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When Crime Pays


We’ve all heard of so-called “slip and fall” cases where a person invited onto a residential or business property encounters a hazardous condition and is injured somehow—often times literally slipping and falling. In these cases, the injured person must show that the owner of the property had notice of the dangerous condition and failed to correct it; in legal terms, the owner of the property had a legal duty to ensure that the premises were safe from hazardous conditions and by not correcting reasonably foreseeable dangers on the property, that duty was breached. The breach caused injury, which led to damages such as medical costs, lost wages, and pain and suffering. These damages are what the injured person seeks to recover in a typical premises liability lawsuit.

But what if the injury is caused by the intentional conduct of a third party, such as occurs in a robbery or an assault? Traditionally, criminal conduct is what is considered a superseding intervening event which breaks the chain of causation, relieving a property owner of liability. But the area of negligent security premises liability is an exception to that rule. Negligent security premises liability places a greater duty on property owners for foreseeable criminal conduct that causes harm to invitees. Common examples of places where negligent security premises liability applies are parking garages, shopping malls, and apartment complexes.


At first it might seem counterintuitive or unfair to hold property owners liable for the acts of a third party not under their control, but public policy favors accountability for the safety of patrons. If people are on the property to live, shop, or do business—ultimately benefitting the property owner—then they should be able to do those things safely. Therefore, placing a duty on property owners to protect lawful visitors from the foreseeable crimes of third parties is viewed as in the best interests of all parties.

Of course, allowing a civil suit against a property owner for the criminal act of a third party opens up an avenue for recovery from a “deep pocket,” usually the insurer of the property owner. Most criminals do not have the financial resources to satisfy a judgment for damages if one were obtained by an injured party. Although not without controversy, this is yet another reason to hold property owners to a greater duty.


Just as with traditional premises liability, foreseeability is the key element in a property owner’s liability for negligent security. Some jurisdictions follow the similar act/crimes approach, which as the name suggests looks at prior similar crimes to determine if a property owner was on notice of the danger to invitees. If, for example, there had been a recent assault in a shopping mall parking lot, and another assault occurred, then the owner of the parking lot could be held liable for negligent security if it could be shown that the parking lot lacked adequate lighting, security patrols, or other security measures in light of the foreseeable criminal act.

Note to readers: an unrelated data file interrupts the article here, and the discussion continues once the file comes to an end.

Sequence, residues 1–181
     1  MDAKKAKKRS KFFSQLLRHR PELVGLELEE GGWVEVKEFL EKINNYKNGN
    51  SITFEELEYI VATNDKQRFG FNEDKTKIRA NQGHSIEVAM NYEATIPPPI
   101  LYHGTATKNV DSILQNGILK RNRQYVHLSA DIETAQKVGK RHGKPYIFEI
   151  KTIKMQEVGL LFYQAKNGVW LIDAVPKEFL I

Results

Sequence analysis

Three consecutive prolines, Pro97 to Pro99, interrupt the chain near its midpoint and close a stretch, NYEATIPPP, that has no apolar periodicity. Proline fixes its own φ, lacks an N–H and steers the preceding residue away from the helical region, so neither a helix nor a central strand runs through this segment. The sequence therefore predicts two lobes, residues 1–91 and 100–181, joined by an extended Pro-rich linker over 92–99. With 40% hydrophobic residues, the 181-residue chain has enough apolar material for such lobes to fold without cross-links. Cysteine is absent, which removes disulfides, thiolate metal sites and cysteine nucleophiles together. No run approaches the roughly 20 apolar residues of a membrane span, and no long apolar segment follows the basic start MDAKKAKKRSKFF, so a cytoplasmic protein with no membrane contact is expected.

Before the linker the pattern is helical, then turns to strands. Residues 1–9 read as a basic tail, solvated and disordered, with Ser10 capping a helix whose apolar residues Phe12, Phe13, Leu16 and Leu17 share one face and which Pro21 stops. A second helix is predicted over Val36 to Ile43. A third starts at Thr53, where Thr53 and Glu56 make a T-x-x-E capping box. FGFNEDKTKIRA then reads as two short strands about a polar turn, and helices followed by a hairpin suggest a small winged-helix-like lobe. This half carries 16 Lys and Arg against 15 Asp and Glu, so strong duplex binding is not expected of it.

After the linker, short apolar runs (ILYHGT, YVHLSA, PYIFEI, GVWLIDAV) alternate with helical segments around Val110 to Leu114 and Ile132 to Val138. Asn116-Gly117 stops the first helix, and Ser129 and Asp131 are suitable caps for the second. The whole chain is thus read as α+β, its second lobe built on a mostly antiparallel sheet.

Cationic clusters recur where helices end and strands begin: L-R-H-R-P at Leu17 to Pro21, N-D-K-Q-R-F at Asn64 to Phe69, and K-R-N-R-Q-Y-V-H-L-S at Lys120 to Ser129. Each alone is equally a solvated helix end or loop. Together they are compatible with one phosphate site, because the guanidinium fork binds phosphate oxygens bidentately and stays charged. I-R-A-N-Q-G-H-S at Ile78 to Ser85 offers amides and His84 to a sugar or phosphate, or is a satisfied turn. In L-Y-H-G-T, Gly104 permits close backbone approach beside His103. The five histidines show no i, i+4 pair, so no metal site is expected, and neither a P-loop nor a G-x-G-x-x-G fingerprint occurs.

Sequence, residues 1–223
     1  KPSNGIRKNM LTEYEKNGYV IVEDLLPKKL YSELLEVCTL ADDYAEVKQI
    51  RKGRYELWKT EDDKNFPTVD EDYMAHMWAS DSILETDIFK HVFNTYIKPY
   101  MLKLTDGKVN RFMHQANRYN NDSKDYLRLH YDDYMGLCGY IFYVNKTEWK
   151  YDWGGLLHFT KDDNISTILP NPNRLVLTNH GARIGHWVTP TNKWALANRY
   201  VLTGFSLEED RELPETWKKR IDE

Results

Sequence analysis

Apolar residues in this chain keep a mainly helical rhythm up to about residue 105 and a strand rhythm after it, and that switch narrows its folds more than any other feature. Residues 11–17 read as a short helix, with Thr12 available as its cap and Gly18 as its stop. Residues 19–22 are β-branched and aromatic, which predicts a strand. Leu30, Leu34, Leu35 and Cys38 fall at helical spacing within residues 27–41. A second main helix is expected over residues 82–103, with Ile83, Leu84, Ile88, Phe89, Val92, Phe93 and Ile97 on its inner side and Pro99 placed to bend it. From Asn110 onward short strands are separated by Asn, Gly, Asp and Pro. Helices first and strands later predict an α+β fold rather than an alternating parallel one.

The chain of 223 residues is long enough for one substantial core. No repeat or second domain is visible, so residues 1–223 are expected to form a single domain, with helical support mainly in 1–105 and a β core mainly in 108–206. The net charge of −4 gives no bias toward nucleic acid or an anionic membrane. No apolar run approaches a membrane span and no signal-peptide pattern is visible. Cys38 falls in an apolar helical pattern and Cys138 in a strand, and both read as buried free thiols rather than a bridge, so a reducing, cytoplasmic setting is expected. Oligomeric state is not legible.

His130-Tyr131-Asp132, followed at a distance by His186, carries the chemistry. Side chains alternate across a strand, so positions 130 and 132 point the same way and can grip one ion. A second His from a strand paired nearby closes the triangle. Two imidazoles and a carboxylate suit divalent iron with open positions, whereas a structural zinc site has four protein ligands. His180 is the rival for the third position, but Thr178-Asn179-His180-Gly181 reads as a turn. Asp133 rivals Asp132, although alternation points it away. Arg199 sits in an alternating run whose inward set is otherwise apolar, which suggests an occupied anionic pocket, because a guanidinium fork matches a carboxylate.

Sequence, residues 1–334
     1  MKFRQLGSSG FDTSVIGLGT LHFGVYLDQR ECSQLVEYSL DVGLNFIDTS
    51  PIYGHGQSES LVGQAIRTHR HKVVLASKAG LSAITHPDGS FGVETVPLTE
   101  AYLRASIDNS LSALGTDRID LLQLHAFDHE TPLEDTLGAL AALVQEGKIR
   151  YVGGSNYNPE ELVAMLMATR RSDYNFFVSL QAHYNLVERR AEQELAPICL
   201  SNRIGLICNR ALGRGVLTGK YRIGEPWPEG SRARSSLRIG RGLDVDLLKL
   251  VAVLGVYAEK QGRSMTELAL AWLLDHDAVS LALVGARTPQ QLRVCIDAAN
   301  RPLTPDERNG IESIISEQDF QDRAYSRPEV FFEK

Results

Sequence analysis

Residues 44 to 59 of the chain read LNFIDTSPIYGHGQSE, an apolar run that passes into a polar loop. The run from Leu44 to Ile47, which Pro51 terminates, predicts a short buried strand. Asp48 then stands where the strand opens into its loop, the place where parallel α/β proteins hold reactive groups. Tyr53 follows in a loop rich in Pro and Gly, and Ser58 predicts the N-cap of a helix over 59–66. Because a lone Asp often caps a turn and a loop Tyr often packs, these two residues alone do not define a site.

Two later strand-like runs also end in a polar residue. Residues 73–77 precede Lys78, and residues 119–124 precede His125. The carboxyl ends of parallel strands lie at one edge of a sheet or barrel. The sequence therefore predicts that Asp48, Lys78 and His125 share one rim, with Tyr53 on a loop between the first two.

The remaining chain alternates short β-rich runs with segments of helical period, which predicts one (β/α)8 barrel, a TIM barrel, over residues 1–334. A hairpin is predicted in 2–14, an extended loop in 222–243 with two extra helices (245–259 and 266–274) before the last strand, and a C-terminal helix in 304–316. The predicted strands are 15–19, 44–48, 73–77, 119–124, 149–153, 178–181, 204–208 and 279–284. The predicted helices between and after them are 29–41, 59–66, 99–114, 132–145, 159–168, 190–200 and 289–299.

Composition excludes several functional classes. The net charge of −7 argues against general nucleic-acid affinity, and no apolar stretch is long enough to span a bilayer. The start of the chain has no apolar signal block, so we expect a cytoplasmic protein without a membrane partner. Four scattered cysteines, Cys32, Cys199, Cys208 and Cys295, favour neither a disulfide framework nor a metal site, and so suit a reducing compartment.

Most jurisdictions follow the totality of circumstances rule, which explicitly rejects the similar bad acts rule, notably because the first victim always loses under that approach and that makes for bad policy. The better policy is to look at the totality of the circumstances to determine if the property owner was put on notice of dangerous conditions and foreseeable harm. For instance, is the shopping mall in a neighborhood which is experiencing a lot of violence? Is there construction in the area which has reduced traffic and lighting, making the area desolate and more dangerous? Recent assaults would be part of the circumstances taken into consideration, but not required for foreseeability.


One way to determine if a criminal act was foreseeable is to examine the crime grids of the area in which the property is located. Crime grids show prior crimes, crime analyses, police reports, etc. of the surrounding area or neighborhood. Footage from surveillance cameras is also an excellent source of information, since it can show the actual crime and the conditions of the property before, during and after the crime. An inspection of the site and area where the criminal act occurred immediately after the act (or as close to when it occurred as possible) is crucial. Such an inspection can reveal conditions such as poor lighting, missing or broken locks, gaps in fencing, etc.


If you or a loved one has been injured due to negligent security, contact Dave Thomas at The Thomas Law Firm for a free evaluation of your legal rights.

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Thomas Law Firm
Located at 945 East Paces Ferry Road, Resurgens Plaza, GA 30326.

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